ktop app is actually if you have multiple Slack teams. So, the way Slack is organized, you have teams and then in those teams there's channels. So, you can be a part of a team that's for your PTA, as I said, and then one for work, and then maybe you have one for one department that you're in, and one for a club that you're a part of. And so you can have all those on the side. It just makes it a lot easier to switch between teams. But again, for most people's purposes, using the web version is fine. So, we go to, we get to here. And you create your first Slack team. So, you can come up with any URL you want, whatever your team or your company or group might be. Then we want to create a new workspace, so you're gonna be asked to put in your email. And when you do that, it will send an email to your email address with a code, so it can verify your identity. We get that code, we go back to Slack, and then we put that in, then we set a password. So, all this stuff, I just want you to see this, so you know what you're in for. We have to tell you about the team, and this just for their sort of demographic information. You can use Slack for anything, non-profits use Slack. Schools use Slack, businesses, everything in between. Give it a name, anything you want. And then, again, you can create that Slack address. So, you might have a name of a company like I have the coolest company ever. You could say, whatever you want, but whatever that URL is, that's what you're going to use to access it in the future. So, if you're on a website or on a browser on somebody else's computer, you would go to that address and login, or if you're on your phone and you want to add it, that would be the address of your Slack team. Now, obviously the purpose of Slack is to communicate with others. So, once you set it up, you're gonna want to invite people into it, and you can put their specific email address in, or, if you're working within a company structure and you have a URL for your company. So, my company is called Leverage with, you can set it up so that anybody with that email address of that domain can just sign up and join. In addition, you also have the ability to create a sign-up link, which you can then just email out to whoever you want. You can text it to people, you can put it in Facebook, whatever you want, but, anybody can use that link to then join and access your Slack team. So now we're in, and you're gonna' be shown this screen, with the tutorial page, which you can skip because you're gonna' get it better from me now. And we get started. So every Slack team starts with its slackbot. And the slackbot is just sort of like the helper bot. And it can do a number of different things. It can remind you of functions. You can ask very specific questions to it. But when you just start out, it's basically just gonna' be you and the slackbot in that one channel. So as you can see, with a very very basic setup, we get here and we start off with a general channel. And they give you this random channel, and then you have the direct messaging. So this is the most important distinction that we can make here, when you're showing this information. You have the channels, which again, would be the larger topics. And the way that a channel works is that anybody can see the list of channels. They can go into that channel and look at what's going on. And then they also have the option of joining that channel, if they actually need to be a part of that discussion on a regular basis. If you don't feel like joining it, you can still have it there and look at it. You're not gonna' see notifications, but it's available to you. So again, this is sort of this ultimate transparency thing. So if you want to have that information, you can. If you don't, you have complete control over it. And then below that you're gonna' see all of the people that are on that team, that you might be able to send a direct message to. So when you're searching among the features in Slack, or among the information, you are only gonna' be searching in any public channel, and your own direct messages. So if somebody else sends a direct message to somebody else on the team, that is completely private, and you cannot see that. So the first thing that people are gonna' want to do when they set up Slack, is you want to have your profile set up properly. And because Slack is about communication, and we're about trying to tie people together, and helping team culture, or just improve social interactions, you do want to have that profile set up. And you can obviously have a picture there, where there's that logo right now above my name. And you can put all sorts of information below that. So we actually have the ability to do custom information there, but you can say that you wanna' have everyone's phone number, or in the case of our PTA, we have everybody put the names of their children in there, and then you know who people are. And one of the ways that Slack actually ends up using that, which is really cool, is once there's a lot of chatter in your Slack, and you start to search for things, it will actually bring up people based on what information might be relevant to them, based on what's in their profile and what they talk about. The other thing that's hugely important here is the notifications. So I can't stress this enough, that Slack gives you as much or as little access to information as you want. So you can set notification preferences on a very granular level. The first one is that you can say Do Not Disturb. So, that's kind of obvious. If you're on Do Not Disturb mode, you don't wanna' see any notifications at all. The caveat, which I think is actually a very good feature in Slack, is that if you send a message to somebody, and they're on Do Not Disturb mode, it will respond automatically and tell you, "So-and-so is on Do Not Disturb mode." But it will also say, "If this is an urgent message, "click here to send the notification through anyway." So that's a really good feature to have. I've never found anybody that abuses that feature, but it's nice to know that you can still have that pop-up notification. People can also set a Do Not Disturb schedule that is on whatever time they want. So they can decide that between 10:00 p.m. and 8:00 a.m. for example, there's not gonna' be any notifications coming through, every night. But you can also get very specific to each channel. So you have the options to say "I wanna' be notified," and when I say notified, I mean a push notification. So you're actually gonna' get a pop-up alert on your phone, or an actual knocking sound on your computer. You can say "I wanna' see all messages, no matter what." Or, you can say that you only wanna' see messages if you are specifically mentioned. We'll get to how you do that in a minute. You can even set these preferences separately for a channel on your Desktop and on your phone. So you may decide that while you are on your phone, you just wanna' see notifications for anything if somebody mentions your name. But when you're on your desktop, you wanna' see all notifications. You might also get more granular, and say that you wanna' know in the finances channel, for example, when someone mentions your name, but you don't wanna' see all of the other messages. Because you're not really involved in that, but you need to be aware. So, one of the issues that some people have when they install Slack and they haven't gone through some sort of tutorial, is that they feel like it's a bit of an information overload. But this is really important to understand here, that you do have that control. And you can decide how you wanna' receive information, when and where. So let's start with the channels. When you start any Slack team, it automatically gives you this general channel and a random channel, which you can rename, but generally speaking, everybody is added to the general channel automatically when they join your Slack channel. So you're gonna' hit that plus sign next to channels, and you may be doing this while we're talking about this, obviously. And then you wanna' create the channel. So in the unpaid version of Slack you can't create private channels that other people can't join. So that's one little distinction there. But in the paid version, yes, you can have private channels that only a certain number of people can see it, search for that information, and you might wanna' use that if you have a channel for your managers, or for a specific client, or whatever that might be. But again, the purpose of Slack really is transparency, and the majority of channels are gonna' be public. So you choose to create the channel, you give it a name. All of the names of channels in Slack, there can't be any spaces or upper case letters, so you could do hyphens if you need to, or dashes. You can set a purpose, so then you're gonna' see that at the very top of the channel. And when you create the channel, you can invite people to it, right then and there in the creation. But, of course, you can also invite them after. In addition to the channels, then you also have the ability to do direct message. Now remember, the channel is kinda' like a big room that everybody's in and talking about whatever they want. Direct message would be you pulling somebody aside and having a private conversation. And you can have a direct message with up to 8 people. So it's sort of like an on-demand little private group. It's not the same as a private channel, because it's not topical. It's just that particular group. It's something that was very specific, that you go, "Yeah, I need to talk to you about," and you can do that as a direct message. And again, the direct messages are only available to the people that were part of those messages in the first place. They're not searchable by anybody else, and they're not available to anybody who runs the Slack team. So this is what a direct message might look like. Now we can share any kind of information we want in Slack, everything from an image, to a video file, to a website. Or we can just chat. We can use emojis as needed. So this is a specific direct message between me and my co-founder, Nick. And, looks like just any other chat platform. You may notice there's a little, couple icons, just to the right of the message. So if you see on the previous slide, you have that next to any message, if you run over and highlight it. So you have a couple different options there. The one on the very left, which is a little emoji, is that you can just add an emoji. Everyone knows emojis, and you can add a smiley face, or a thumbs up, whatever you want. The cool thing with that though, is that you can add multiple emojis if you need to, to a particular message, and then people can even click on it and add to it. So for example, if you say, "Hey, who wants lunch?" And you can do a thumbs up and a thumbs down, people can click the thumbs up and add another thumbs up to it, or vice versa. And it will actually have a running count. The little chat bubble that's in there is something for making a threaded conversation. So in terms of information overload, you can have a long stream of conversations, but you may wanna' respond to something very specifically that was farther up. And so you can actually create a threaded conversation about that specific line item. And then the little arrow let's you share it, so you can share it specifically with somebody else. And maybe somebody sent you a message or a file, and you wanna' share that with somebody else on the team. And then there's a little menu option, which sorta' lets you do all of the same things we just mentioned, including marking it as unread, so you can go back to it later, or, even using the built-in reminder feature. So the Remind me feature is a really important built-in option, because you can remind yourself to check something in 20 minutes, or an hour, or the next day, and that will actually come back to you as a slackbot notification. So it's one of the functions of a slackbot. I know it looks like a lot of information again. But you have some different ways you can communicate. The big thing with Slack is tagging people using the @ sign. So you can see here that I've done @channel, or someone has done @channel. And that's a really important notifier. You can just write and have a conversation, and people can go back and forth, that's fine. But if you want people to get an actual push notification, and take their attention and put it onto that channel, then you're gonna' wanna' either tag them specifically, or tag the entire channel. So if you say, in this case, @Melissa, it will start to pop up as soon as you write the @ sign, and you write "M", it will start to pop up with the options that will fulfill that. And you put that name in, you write whatever you want, and then that person will get a specific push notification saying that you mentioned them. If you write @channel, that will notify everybody that is in that channel, interested in that particular topic. So that's really key, because you may be giving an update that's just there, just informative, somebody needs to know about it if they wanna' check in on it later. Or, you want everybody to know about something right now, and you need everybody to weigh in on whether or not you're gonna' get lunch. So you might say "@channel, who wants lunch?" But, if it's not something that really requires everybody's response right now, you could just put some information and say, "Hey, we're doing this later, just letting everybody know." And then it's not a push notification. So you really do have that control. And as you can see, as I said before, you can share all different kinds of information in line. So you can have a photo, you can have websites, whatever you might want. And then, if you have a threaded conversation, that's gonna' show up on the right side, there. And then you have the search box above it, so you can search for anything that you might want.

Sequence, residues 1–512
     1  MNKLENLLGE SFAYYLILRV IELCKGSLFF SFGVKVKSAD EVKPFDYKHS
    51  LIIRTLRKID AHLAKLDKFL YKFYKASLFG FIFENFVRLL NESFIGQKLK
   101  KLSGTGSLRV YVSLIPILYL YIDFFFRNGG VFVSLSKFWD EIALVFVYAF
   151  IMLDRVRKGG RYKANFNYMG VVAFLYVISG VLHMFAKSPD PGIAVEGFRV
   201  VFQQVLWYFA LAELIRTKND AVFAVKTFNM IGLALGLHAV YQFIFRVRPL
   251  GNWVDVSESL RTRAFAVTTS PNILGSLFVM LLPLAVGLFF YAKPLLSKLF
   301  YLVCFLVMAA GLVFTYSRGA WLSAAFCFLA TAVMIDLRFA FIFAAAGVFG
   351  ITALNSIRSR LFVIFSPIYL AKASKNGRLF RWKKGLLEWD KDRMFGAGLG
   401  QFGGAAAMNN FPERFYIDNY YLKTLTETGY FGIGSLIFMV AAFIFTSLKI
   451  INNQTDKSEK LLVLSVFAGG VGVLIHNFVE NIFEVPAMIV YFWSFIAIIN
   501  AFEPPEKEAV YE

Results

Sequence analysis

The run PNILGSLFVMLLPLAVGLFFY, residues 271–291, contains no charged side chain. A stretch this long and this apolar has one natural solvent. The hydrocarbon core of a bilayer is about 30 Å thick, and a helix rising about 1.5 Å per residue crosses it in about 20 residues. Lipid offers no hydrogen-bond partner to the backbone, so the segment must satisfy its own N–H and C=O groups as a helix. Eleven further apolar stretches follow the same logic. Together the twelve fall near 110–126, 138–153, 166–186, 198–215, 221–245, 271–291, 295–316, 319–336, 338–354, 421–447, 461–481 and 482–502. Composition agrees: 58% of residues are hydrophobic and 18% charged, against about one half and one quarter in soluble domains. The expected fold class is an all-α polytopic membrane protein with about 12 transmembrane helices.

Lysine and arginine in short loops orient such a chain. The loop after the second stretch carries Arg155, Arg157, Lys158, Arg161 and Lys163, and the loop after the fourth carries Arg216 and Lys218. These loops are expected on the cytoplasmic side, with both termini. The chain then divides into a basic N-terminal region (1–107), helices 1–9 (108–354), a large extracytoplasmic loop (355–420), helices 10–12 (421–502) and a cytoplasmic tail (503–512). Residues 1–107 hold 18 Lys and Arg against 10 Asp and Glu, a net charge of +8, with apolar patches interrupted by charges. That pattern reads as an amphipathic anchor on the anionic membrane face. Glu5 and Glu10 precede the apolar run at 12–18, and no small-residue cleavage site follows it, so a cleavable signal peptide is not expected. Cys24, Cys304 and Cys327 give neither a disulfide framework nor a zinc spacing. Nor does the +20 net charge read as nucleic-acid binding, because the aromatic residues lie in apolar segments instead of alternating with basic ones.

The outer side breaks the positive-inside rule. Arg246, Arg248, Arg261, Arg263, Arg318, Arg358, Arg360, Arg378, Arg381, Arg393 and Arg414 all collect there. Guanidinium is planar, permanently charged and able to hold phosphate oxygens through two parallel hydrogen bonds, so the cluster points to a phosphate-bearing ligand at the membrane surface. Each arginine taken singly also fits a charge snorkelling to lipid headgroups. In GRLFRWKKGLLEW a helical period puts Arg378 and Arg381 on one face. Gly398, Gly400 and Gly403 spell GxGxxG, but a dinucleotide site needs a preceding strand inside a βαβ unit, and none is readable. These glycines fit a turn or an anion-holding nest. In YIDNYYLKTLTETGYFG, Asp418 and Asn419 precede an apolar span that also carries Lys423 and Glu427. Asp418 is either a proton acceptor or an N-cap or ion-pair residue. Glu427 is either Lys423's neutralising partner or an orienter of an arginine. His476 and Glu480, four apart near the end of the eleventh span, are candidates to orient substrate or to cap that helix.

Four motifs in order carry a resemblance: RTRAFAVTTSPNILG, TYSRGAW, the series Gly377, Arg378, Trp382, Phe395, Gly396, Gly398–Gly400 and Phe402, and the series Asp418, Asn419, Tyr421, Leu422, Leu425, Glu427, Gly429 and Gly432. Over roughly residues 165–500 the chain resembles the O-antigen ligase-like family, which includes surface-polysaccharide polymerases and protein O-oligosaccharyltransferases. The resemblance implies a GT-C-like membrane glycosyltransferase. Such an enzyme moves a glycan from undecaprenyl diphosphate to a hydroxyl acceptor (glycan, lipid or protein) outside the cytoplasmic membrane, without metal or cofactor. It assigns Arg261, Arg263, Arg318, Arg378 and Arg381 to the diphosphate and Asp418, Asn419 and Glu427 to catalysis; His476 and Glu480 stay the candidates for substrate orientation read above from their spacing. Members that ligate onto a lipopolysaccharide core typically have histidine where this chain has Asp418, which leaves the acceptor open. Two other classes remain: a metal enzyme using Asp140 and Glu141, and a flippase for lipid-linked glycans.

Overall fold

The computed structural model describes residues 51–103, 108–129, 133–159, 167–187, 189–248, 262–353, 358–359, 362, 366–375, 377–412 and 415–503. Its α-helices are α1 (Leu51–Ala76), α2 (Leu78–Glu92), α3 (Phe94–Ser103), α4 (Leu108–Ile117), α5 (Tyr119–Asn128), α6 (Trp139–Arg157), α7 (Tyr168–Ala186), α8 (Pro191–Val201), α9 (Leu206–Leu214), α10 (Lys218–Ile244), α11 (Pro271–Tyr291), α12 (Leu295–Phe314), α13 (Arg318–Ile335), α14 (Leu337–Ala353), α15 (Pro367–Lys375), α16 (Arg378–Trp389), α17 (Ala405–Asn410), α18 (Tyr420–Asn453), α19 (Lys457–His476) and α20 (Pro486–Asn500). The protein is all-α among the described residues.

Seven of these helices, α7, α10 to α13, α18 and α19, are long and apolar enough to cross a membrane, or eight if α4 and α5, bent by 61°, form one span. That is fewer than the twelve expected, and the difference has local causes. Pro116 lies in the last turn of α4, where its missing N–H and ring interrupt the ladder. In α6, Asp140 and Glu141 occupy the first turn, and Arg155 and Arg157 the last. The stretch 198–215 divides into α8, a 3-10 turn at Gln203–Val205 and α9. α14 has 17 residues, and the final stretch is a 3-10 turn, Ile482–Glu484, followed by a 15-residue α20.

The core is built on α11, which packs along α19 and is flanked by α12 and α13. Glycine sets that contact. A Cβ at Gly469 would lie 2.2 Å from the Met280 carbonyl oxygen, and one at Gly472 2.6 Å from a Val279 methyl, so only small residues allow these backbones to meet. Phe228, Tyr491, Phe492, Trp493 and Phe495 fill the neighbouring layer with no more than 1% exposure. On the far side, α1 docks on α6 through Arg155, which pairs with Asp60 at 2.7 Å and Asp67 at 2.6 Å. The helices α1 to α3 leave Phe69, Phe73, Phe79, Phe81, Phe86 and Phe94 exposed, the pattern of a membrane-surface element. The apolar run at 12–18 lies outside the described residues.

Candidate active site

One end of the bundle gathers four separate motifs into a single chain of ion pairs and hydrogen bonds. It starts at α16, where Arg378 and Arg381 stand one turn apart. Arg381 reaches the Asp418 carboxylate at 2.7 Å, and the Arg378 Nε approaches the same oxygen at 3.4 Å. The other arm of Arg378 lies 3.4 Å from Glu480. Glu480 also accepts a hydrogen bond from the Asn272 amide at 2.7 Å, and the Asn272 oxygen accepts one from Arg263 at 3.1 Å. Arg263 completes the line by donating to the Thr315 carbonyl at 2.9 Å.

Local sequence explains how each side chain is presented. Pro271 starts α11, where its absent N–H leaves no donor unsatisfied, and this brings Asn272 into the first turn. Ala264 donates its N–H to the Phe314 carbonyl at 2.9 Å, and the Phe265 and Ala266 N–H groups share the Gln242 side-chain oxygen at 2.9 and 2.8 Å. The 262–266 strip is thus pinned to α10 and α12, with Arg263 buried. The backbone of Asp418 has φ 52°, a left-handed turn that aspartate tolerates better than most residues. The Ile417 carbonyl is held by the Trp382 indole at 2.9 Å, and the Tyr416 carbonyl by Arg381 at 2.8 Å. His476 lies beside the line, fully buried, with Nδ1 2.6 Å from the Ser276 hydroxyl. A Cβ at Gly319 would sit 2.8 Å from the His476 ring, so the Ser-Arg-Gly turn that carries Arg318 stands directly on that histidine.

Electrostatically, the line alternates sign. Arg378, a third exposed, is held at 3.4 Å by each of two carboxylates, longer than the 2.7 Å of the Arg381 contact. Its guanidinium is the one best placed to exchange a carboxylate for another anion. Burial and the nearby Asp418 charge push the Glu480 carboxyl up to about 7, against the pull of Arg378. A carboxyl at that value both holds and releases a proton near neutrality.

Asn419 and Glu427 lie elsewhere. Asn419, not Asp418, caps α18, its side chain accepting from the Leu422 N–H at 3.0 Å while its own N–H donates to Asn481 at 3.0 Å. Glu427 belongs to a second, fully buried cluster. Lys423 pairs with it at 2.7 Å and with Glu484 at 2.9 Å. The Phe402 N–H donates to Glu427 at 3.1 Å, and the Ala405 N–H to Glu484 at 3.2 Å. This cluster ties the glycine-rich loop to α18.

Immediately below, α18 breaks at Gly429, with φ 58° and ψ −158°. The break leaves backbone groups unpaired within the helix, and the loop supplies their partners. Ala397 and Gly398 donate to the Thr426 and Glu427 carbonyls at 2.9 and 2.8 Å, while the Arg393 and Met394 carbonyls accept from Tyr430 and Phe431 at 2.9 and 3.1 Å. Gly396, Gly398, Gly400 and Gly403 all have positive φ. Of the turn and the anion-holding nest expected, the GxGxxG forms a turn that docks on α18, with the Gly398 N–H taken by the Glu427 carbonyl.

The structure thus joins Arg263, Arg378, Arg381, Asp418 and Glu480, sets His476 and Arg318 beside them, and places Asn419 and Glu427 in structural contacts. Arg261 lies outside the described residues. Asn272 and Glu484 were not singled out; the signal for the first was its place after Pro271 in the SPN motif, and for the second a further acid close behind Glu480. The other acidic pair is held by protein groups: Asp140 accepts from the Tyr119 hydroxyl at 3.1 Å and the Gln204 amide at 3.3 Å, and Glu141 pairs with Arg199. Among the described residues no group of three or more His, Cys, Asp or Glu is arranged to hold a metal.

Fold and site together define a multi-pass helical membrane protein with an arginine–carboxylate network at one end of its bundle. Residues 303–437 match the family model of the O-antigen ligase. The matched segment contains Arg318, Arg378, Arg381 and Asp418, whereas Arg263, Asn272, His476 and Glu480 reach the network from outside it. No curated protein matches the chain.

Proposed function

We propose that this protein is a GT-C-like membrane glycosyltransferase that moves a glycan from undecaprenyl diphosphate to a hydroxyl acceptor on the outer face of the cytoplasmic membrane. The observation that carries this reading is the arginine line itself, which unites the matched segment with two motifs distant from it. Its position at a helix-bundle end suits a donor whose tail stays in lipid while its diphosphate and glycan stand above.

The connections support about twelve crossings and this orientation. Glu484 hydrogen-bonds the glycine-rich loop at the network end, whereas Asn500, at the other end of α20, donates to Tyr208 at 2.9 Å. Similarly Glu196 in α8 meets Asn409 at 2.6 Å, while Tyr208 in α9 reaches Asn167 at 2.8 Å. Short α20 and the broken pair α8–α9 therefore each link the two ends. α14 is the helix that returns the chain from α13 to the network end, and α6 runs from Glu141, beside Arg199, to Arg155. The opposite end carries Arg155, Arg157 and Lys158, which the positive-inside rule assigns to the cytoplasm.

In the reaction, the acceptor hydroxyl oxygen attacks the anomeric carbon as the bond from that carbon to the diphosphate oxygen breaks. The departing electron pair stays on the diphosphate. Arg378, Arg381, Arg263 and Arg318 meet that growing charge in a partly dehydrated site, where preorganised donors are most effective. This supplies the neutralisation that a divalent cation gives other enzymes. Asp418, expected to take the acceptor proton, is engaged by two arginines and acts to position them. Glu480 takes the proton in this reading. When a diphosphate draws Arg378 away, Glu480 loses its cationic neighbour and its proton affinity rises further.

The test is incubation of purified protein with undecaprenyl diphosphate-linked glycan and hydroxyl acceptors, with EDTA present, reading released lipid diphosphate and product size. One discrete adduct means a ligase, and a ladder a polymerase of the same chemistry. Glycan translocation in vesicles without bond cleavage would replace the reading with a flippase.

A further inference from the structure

Class Description

The digital age has blessed the business world with a million innovative ways to communicate. But sometimes, such a blessing is actually a curse. Teams will often communicate with each other by using multiple tools, leading to confusion and missed messages. And some of the most popular tools, such as email, are simply not equipped to handle the diverse needs of today’s workforce.

If you want to dig your employees out of their overflowing inboxes, get rid of ineffective and obsolete tools, and find your company’s ideal mode of communication, Slack is the answer for you. Slack has become the go-to mode of messaging for both established businesses and up-and-coming startups, offering incredible features that companies can no longer do without.

Ari Meisel wants to show you how to implement Slack in your office so you can get the most out of this now-essential tool. This course will take you through the set-up and onboarding processes, and show you how to use Slack’s handiest features to make your team productive and successful.

In this class, you’ll learn how to:

  • Set up Slack and its channels and onboard your team members.
  • Utilize Slack integrations, bots and apps to boost productivity and simplify your workday.
  • Understand best practices and hidden features.
  • Integrate project management tools into the Slack environment.
  • Use Slack’s powerful search engine and share files and code.
  • Promote company unity and culture with fun and personal channels.